Alito, J., dissenting
be realistic about this, . . . in 1968, when the Fair Housing Act passed, nobody knew anything about disparate impact"). It is anachronistic to think that Congress authorized disparate-impact claims in 1968 but packaged that striking innovation so imperceptibly in the FHA's text.
Eradicating intentional discrimination was and is the FHA's strategy for providing fair housing opportunities for all. The Court recalls the country’s shameful history of segregation and de jure housing discrimination and then jumps to the conclusion that the FHA authorized disparate-impact claims as a method of combatting that evil. Ante, at 5–7. But the fact that the 1968 Congress sought to end housing discrimination says nothing about the means it devised to achieve that end. The FHA's text plainly identifies the weapon Congress chose—outlawing disparate treatment "because of race” or another protected characteristic. 42 U. S. C. §§3604(a), 3605(a). Accordingly, in any FHA claim, "[p]roof of discriminatory motive is critical." Teamsters, 431 U. S., at 335, n. 15.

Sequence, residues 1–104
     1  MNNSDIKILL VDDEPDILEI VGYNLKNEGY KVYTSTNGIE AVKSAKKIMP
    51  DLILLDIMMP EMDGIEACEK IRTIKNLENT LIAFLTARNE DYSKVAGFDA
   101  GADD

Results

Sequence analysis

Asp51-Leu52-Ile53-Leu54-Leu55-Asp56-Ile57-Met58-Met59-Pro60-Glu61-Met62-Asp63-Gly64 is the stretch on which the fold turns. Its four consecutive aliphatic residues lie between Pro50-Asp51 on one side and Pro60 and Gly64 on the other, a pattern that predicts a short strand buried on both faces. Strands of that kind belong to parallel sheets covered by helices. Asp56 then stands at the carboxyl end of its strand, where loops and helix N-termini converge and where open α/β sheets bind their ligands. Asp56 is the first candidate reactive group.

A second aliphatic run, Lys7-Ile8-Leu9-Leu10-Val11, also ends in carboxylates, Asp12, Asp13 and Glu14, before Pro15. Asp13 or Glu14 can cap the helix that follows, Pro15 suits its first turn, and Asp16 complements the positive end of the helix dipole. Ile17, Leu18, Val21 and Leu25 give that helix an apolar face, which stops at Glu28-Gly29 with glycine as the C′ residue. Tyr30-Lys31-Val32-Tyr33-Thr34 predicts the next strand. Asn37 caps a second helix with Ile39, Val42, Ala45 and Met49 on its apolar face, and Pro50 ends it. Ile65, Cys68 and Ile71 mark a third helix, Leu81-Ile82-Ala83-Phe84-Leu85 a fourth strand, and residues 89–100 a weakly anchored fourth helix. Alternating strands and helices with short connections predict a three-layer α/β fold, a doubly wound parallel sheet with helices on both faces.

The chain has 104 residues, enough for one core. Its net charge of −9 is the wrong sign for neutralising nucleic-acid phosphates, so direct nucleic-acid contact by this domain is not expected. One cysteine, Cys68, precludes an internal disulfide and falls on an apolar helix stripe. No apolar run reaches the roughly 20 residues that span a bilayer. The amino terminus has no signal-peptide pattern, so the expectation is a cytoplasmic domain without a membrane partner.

Congress has done nothing since 1968 to change the meaning of the FHA prohibitions at issue in this case. In 1968, those prohibitions forbade certain housing practices if they were done "because of" protected characteristics. Today, they still forbid certain housing practices if done "because of" protected characteristics. The meaning of the unaltered language adopted in 1968 has not evolved.
Rather than confronting the plain text of §§804(a) and 805(a), the Solicitor General and the Court place heavy reliance on certain amendments enacted in 1988, but those amendments did not modify the meaning of the provisions now before us. In the Fair Housing Amendments Act of 1988, 102 Stat. 1619, Congress expanded the list of protected characteristics. See 42 U. S. C. §§3604(a),(f)(1). Congress also gave the Department of Housing and